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Present‐day sonata theory scholarship increasingly draws on a typology of sonata forms that consists of five interrelated types, placing particular emphasis on the double return and thematic rotation. The present article aims at scrutinising a variety of formal phenomena in the Classical...
In his analysis of the first movement of Beethoven's Piano Concerto No. 3, Op. 37, Donald Francis Tovey dismissed Beethoven's decision to modulate for the second theme in the movement's opening tutti as an ‘error’ that gives the impression of a symphonic exposition rather than a concerto...
Schubert's early string quartets reveal a tendency towards bi‐rotational designs combining elements of type 1 (lacking a development section) and type 2 (beginning their second rotation off‐tonic) sonata form. Examples of the practice are found in first movements, slow movements and finales and...
One of the most striking aspects of Mendelssohn's scherzi is his unusual propensity for sonata form in this movement type. Yet in referencing sonata construction, the composer frequently appears to be playing against its norms, taking delight in confounding expectations in the movement's formal...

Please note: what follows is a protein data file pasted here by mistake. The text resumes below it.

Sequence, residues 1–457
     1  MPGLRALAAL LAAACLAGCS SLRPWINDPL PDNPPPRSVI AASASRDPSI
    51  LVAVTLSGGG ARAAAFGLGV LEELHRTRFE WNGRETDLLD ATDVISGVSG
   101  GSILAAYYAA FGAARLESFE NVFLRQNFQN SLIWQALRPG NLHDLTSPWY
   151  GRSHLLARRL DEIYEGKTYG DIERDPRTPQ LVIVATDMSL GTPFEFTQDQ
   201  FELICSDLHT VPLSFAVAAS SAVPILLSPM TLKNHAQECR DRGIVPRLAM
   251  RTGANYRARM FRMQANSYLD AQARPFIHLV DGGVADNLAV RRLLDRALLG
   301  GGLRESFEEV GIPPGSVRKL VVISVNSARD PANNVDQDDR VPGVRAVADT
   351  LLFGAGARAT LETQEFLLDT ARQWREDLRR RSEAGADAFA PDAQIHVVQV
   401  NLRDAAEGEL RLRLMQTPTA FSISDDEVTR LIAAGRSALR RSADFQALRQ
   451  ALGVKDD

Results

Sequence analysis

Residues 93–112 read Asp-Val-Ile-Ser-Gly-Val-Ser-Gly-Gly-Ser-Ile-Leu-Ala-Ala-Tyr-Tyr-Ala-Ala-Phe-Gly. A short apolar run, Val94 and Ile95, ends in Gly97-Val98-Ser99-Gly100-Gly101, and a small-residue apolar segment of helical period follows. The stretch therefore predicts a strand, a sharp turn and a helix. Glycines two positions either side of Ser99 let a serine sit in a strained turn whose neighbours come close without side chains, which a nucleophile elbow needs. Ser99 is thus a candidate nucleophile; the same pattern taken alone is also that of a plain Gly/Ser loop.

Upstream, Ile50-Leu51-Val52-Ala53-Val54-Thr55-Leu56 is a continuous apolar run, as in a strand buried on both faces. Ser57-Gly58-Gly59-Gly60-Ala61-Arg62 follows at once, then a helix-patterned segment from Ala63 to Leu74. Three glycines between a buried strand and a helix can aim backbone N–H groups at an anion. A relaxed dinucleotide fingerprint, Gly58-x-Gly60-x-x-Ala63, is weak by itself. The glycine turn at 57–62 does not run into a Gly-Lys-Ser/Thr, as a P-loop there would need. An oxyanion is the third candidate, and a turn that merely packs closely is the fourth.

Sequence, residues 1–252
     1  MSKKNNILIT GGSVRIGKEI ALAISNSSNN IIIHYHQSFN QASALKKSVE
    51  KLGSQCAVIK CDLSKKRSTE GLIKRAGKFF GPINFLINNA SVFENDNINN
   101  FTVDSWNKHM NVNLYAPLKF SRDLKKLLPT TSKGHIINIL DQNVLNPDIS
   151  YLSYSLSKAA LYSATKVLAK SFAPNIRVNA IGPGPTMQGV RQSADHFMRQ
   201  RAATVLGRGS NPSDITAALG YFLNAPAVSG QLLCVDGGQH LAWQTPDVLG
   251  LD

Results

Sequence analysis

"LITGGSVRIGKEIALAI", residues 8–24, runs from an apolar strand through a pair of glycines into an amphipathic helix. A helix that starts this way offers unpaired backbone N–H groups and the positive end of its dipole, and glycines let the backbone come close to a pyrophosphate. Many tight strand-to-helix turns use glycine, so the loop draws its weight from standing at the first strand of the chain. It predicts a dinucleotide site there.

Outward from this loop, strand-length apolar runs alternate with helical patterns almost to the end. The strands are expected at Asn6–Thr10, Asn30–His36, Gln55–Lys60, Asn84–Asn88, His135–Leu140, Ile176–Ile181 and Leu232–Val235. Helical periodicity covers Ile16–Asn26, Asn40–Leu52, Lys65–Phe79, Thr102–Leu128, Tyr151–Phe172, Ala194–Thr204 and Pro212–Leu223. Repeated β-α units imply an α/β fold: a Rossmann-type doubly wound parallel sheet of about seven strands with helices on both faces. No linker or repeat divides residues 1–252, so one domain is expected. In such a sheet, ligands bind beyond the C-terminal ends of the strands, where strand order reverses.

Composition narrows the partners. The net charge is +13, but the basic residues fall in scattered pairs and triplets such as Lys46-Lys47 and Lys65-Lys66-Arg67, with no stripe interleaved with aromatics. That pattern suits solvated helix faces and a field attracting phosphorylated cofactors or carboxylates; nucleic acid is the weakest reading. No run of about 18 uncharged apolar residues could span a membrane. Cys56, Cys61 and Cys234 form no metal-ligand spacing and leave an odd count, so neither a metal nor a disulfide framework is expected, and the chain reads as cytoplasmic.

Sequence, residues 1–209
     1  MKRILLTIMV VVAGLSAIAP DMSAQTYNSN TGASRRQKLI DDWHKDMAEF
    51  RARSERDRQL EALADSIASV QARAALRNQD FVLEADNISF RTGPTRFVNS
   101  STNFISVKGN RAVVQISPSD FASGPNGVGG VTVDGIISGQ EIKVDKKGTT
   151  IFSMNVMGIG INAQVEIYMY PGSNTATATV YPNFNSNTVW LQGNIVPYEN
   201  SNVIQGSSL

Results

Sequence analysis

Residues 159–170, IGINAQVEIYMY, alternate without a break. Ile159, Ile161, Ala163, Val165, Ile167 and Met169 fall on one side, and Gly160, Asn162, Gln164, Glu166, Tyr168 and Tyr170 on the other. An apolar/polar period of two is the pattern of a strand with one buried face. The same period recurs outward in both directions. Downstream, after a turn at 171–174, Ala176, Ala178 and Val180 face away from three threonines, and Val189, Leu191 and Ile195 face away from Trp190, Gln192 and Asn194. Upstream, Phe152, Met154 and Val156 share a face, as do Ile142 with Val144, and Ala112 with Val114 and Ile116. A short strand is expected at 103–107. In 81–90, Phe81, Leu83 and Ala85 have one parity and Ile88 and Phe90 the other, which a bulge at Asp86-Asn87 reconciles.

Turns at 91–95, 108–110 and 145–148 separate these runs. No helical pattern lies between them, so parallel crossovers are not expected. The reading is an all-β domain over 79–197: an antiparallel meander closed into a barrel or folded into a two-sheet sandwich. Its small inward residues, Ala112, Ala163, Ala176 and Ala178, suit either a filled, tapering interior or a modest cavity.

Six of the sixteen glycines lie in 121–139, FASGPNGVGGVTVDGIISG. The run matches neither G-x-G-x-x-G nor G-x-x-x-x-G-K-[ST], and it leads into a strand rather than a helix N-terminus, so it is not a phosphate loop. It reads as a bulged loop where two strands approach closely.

In a small number of sonata forms scattered across the nineteenth century, the development is followed immediately by a return of the subordinate theme, the main theme coming back only later or not at all. How to interpret these forms – often casually referred to as sonata forms with ‘reversed...
Hepokoski and Darcy's sonata theory subdivides the sonata universe into five basic types. These include not only the familiar sonata without development (type 1), ‘textbook’ sonata (type 3), sonata‐rondo hybrid (type 4) and concerto form (type 5), but also the somewhat less familiar...
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